Investigation launched into abuse claims by "Garlic Girls"

FILE - In this Feb. 25, 2018 file photo, Kim Eun-jung, of South Korea, yells during their women's curling final in the Gangneung Curling Centre at the 2018 Winter Olympics in Gangneung, South Korea. Five-member women's curling team accused former Korean Curling Federation (KCF) vice-president Kim Kyong-doo of verbal abuse and team coaches of giving unreasonable orders and subjecting their private lives to excessive control. (AP Photo/Aaron Favila, File)
FILE - In this Feb. 25, 2018 file photo, Kim Eun-jung, of South Korea, throws during their women's curling final in the Gangneung Curling Centre at the 2018 Winter Olympics in Gangneung, South Korea, Sunday, Feb. 25, 2018. Five-member women's curling team accused former Korean Curling Federation (KCF) vice-president Kim Kyong-doo of verbal abuse and team coaches of giving unreasonable orders and subjecting their private lives to excessive control. (AP Photo/Natacha Pisarenko, File)

SEOUL, South Korea — The darlings of South Korea's Winter Olympics are back in the headlines eight months after their stirring run to a curling silver medal in Pyeongchang.

South Korea's sports ministry on Wednesday announced a joint investigation with the national Olympic committee into allegations by the so-called Garlic Girls of abuse.

The five-member women's curling team that shot to international renown in February and sparked unprecedented national attention for their sport sent a letter to the Korean Sport and Olympic Committee last week to outline their allegations.

The women, from a remote province famous for its garlic, captured hearts in a country that hardly knew curling before and became sought-after models for commercials and inspired countless online memes and catch-phrases.

The attention was so great during the games that their coach took away their cellphones to shield the curlers from any pressure. The Garlic Girls ultimately lost to Sweden in the gold medal match.

In the letter, Kim Eun-jung, Kim Seon-yeong, Kim Yeong-ae, Kim Cho-hee and Kim Yeong-mi accused former Korean Curling Federation (KCF) vice-president Kim Kyong-doo of verbal abuse and team coaches of giving unreasonable orders and subjecting their private lives to excessive control.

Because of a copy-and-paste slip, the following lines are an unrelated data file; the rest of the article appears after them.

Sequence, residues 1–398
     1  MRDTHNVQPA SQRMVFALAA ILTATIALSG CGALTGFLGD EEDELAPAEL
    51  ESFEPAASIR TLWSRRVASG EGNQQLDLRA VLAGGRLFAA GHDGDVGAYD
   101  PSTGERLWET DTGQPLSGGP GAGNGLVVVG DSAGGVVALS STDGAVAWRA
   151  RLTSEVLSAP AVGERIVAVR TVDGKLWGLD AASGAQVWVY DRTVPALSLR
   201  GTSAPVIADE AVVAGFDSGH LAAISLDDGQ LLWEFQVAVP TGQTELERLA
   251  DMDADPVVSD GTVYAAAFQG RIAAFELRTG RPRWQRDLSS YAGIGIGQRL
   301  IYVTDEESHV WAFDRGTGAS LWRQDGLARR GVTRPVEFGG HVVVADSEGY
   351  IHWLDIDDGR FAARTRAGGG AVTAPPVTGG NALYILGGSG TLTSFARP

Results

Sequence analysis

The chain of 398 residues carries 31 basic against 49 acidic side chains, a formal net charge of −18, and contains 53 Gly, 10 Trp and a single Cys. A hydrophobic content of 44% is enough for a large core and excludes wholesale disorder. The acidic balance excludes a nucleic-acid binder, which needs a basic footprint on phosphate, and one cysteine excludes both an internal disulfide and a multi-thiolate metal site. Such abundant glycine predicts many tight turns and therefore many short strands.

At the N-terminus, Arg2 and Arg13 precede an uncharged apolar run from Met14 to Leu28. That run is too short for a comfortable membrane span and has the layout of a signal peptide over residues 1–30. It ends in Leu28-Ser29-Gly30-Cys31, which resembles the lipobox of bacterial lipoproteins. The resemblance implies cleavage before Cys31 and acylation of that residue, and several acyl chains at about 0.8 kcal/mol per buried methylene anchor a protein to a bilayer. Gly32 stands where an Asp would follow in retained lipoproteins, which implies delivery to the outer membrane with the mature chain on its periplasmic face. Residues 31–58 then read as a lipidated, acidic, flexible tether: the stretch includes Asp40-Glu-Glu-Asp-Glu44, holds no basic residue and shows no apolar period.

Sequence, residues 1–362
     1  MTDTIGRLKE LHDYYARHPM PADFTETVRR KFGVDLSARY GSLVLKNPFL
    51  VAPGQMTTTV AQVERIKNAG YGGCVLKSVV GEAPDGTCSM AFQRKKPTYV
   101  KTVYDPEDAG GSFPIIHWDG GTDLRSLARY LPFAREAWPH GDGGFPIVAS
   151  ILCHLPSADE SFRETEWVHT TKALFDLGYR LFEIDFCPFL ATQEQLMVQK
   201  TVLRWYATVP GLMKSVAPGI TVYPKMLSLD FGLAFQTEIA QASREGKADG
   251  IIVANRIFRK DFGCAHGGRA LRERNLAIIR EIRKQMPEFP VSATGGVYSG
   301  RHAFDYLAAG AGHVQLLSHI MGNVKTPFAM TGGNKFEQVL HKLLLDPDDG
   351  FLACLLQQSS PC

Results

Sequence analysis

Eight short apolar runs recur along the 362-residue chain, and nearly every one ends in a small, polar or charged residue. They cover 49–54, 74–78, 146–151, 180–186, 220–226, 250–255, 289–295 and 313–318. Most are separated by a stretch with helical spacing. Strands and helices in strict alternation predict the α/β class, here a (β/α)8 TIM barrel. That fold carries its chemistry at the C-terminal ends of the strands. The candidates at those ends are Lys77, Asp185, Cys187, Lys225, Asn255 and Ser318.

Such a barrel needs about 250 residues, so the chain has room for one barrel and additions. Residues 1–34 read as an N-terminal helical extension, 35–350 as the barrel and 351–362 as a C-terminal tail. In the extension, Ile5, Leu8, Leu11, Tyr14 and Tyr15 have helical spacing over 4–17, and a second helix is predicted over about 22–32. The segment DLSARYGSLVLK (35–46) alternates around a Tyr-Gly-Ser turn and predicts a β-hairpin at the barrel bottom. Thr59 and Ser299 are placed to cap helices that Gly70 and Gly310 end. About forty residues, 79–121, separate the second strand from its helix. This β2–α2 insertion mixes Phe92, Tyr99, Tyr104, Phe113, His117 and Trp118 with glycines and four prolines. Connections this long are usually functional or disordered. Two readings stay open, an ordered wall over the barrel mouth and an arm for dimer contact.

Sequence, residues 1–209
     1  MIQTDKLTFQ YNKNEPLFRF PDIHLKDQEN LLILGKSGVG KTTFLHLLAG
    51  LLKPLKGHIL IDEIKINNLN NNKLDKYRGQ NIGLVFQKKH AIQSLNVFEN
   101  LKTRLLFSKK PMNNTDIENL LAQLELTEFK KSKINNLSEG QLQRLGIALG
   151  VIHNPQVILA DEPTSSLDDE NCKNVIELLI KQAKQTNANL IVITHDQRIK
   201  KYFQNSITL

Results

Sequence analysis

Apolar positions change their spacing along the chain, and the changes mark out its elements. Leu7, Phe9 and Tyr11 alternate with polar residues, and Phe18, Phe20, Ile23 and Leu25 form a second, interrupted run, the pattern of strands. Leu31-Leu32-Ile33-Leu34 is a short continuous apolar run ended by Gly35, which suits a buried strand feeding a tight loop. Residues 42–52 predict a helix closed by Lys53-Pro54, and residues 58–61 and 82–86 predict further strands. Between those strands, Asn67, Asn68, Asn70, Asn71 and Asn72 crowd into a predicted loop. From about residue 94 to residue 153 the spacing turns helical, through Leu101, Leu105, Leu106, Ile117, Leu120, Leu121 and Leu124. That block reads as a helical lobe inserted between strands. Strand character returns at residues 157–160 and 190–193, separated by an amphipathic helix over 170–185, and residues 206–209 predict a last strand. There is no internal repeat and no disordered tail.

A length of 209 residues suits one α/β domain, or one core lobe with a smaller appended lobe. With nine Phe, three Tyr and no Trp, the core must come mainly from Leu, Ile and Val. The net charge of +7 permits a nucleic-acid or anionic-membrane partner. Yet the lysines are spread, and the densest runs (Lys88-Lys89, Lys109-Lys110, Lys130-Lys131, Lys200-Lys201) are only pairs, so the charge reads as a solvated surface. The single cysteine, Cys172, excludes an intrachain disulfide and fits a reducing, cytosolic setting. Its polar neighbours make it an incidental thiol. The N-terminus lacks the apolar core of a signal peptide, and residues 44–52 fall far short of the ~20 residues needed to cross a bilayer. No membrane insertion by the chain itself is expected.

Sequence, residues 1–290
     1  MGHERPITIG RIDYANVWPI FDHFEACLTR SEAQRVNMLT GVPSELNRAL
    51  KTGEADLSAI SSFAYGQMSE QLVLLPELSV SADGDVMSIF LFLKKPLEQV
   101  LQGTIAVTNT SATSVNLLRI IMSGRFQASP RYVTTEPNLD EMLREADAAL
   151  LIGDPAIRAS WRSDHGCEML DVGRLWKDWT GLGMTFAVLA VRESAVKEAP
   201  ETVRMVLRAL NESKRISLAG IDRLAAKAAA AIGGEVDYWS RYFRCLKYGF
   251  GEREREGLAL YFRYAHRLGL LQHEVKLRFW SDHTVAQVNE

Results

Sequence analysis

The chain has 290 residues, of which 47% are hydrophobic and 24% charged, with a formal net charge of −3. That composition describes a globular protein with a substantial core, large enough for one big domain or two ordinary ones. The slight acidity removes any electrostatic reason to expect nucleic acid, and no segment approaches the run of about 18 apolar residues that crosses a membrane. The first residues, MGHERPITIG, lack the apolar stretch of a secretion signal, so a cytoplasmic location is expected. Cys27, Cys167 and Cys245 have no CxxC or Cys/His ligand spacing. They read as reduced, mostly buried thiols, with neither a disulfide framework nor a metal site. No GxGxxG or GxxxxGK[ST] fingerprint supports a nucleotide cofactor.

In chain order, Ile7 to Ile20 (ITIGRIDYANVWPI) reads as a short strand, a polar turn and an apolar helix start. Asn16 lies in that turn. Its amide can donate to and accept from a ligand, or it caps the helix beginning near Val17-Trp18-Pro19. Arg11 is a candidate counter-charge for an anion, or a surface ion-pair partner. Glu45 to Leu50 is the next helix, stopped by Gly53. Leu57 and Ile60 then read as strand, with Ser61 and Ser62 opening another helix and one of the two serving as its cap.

"The human rights of the athletes are being violated," the athletes, the first Asian team to win a curling silver, wrote. "We've reached a point where it has become unbearable."

The curlers also accused coaches of holding back prize money and trying to sideline captain Kim Eun-jung after learning of her plans to start a family.

The coaches "tried to rule Kim Eun-jung off the team after she got married in July," the letter said. "They separated the skip and the team captain's role to minimize Kim Eun-jung's status on the team. They also tried not to include Kim Eun-jung in team training."

The coaching staff have denied the allegations.

The investigation will begin next week and will include officials from the ministry, the national Olympic committee and the team's home province of North Gyeongsang.

___

More AP sports: https://apnews.com/apf-sports and https://twitter.com/AP_Sports

People also read these

Hong Kong leader: Reject threats to China's...

Oct 11, 2017

Hong Kong's leader says residents are obliged to reject threats to China's sovereignty, in what...

Federer beats Nadal to win Shanghai Masters title

Oct 15, 2017

Roger Federer extended his winning streak over Rafael Nadal this year to four matches after beating...

Column: Golf's big-money Asian swing is worth the...

Oct 24, 2017

Column: Too much golf? Not for those who see Asian swing as an opportunity to cash in

Missing bookseller hits out at Sweden in arranged...

Feb 10, 2018

A detained Swedish bookseller at the center of escalating row between Western governments and...

Fiji wins 4th straight Hong Kong 7s beating Kenya...

Apr 8, 2018

Fiji has won a fourth successive Hong Kong Sevens after pouncing on Kenya's ill-discipline and...